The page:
Texture analysis is a method to test the physical properties of a material by tension and compression. The growing interest in commercialisation of seaweeds for human food has stimulated research into the physical properties of seaweed tissue. These are important parameters for the survival of sessile organisms consistently exposed to turbulent flow and varying drag-forces. These tactile properties also affect consumer perception and acceptance of materials. Here, we present a standardised method to determine these physical properties using, as an example, the brown seaweed Laminaria digitata (Hudson) J.V. Lamouroux, which is prevalent on coastlines along the northern Atlantic Ocean. Morphological features of a healthy L. digitata thallus (lamina) seem modified to withstand physical distress from hydrodynamic forces in its wave-swept habitat. The trade-off in tissue responses to tensile and compression forces along the lamina, linked to an age gradient, indicates a twinned alignment of its cellular microstructure, similar to those of modern nanotechnology, to optimise the toughness and flexibility of constituent tissue. Tensile strength increased from young to old tissue along a positive toughness gradient of 75%. Based on our results, a short interpretation is given of the heterogeneity in L. digitata lamina from morphological, ecological and physiological perspectives.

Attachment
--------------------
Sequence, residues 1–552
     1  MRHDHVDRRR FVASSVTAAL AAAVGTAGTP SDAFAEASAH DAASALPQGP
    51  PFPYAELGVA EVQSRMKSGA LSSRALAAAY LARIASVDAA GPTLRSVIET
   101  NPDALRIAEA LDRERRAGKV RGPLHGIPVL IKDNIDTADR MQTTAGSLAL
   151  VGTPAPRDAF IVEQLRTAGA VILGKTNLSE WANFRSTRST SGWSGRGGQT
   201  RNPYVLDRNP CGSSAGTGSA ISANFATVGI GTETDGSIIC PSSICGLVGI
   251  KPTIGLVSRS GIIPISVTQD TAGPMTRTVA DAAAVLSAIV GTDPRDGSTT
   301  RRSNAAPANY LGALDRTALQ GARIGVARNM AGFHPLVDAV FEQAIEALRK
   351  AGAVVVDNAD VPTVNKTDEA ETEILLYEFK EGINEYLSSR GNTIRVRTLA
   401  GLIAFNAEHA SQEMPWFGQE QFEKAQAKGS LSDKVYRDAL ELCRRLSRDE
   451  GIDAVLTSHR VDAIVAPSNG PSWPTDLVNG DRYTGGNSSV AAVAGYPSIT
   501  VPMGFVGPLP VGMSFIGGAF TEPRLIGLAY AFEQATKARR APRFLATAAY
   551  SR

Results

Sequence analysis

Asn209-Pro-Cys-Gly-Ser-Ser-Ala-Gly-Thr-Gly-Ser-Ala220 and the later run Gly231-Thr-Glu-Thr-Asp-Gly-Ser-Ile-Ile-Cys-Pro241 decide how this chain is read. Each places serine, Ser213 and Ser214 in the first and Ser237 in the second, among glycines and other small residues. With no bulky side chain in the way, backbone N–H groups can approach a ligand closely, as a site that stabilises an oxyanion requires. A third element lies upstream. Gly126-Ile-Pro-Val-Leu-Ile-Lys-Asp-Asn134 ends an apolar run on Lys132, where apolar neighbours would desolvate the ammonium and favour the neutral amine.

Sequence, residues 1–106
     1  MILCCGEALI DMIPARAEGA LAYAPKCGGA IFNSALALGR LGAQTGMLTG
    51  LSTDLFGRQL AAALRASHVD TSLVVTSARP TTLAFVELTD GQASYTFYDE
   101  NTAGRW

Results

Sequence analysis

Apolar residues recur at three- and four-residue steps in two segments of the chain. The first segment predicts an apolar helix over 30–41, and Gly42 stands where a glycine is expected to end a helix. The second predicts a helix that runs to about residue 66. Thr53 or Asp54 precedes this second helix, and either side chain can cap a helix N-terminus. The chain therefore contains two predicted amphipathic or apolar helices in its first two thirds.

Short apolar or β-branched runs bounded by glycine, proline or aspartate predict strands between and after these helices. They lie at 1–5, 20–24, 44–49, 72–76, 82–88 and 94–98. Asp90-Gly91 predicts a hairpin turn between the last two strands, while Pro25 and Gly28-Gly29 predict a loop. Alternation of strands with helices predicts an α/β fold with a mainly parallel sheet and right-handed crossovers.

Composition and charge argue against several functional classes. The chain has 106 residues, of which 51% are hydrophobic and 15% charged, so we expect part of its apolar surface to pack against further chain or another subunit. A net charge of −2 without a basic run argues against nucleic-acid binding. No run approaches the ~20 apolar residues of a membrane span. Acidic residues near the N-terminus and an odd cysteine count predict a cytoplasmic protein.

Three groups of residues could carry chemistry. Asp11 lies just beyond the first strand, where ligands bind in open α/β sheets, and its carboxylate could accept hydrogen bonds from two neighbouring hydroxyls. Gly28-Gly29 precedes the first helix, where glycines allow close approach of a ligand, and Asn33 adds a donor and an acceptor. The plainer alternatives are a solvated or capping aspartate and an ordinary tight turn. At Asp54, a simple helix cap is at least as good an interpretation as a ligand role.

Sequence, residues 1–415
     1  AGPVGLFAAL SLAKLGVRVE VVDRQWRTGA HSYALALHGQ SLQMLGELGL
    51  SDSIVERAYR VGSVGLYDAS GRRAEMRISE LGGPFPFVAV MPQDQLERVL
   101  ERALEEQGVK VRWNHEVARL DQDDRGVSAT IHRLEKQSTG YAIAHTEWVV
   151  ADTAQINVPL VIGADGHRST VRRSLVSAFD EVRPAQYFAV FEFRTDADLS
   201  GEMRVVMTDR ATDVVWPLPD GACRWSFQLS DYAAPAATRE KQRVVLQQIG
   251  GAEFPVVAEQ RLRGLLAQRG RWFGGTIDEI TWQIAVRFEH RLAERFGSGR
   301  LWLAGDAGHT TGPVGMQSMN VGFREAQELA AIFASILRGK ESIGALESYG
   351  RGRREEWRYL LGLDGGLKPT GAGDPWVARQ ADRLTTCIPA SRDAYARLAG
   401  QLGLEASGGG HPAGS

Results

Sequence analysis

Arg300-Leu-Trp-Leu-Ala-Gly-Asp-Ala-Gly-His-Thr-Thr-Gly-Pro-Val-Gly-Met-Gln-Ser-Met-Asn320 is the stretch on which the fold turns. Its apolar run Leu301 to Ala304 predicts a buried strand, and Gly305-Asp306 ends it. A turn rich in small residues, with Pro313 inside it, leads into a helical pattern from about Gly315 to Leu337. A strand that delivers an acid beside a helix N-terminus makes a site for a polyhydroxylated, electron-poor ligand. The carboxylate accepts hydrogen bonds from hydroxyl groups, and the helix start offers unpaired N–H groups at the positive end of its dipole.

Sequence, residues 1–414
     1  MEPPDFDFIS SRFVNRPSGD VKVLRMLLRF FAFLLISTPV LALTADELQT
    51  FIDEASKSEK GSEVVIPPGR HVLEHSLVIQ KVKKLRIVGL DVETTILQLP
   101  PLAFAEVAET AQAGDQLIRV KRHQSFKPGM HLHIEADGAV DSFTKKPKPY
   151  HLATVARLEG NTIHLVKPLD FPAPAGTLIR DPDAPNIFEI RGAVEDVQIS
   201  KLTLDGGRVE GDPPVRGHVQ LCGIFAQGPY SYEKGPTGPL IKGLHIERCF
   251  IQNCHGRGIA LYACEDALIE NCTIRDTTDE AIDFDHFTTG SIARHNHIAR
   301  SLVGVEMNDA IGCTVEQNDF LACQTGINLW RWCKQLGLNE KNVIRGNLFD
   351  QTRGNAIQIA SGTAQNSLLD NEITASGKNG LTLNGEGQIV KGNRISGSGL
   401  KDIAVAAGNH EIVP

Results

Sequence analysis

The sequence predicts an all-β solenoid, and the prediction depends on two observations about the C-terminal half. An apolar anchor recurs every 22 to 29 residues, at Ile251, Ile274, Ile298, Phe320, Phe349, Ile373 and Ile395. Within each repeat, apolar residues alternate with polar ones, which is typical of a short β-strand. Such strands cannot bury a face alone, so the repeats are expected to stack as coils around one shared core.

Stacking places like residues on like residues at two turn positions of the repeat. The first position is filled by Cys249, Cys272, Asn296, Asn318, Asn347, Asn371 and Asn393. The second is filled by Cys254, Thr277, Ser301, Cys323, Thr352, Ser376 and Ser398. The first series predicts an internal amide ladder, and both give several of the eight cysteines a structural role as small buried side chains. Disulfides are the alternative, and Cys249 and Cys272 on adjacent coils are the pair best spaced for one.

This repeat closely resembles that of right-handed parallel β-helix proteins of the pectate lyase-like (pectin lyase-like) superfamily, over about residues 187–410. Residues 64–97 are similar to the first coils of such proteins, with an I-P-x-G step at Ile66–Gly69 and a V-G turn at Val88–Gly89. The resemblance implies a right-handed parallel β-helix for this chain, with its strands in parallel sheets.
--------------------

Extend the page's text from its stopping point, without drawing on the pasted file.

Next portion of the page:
Supplementary dataset to publication "Texture analysis of Laminaria digitata (Phaeophyceae) thallus reveals toughness gradient along lamina"
Lubsch, A. (Contributor) & Timmermans, K. (Contributor), 4TU.ResearchData, 31-okt.-2017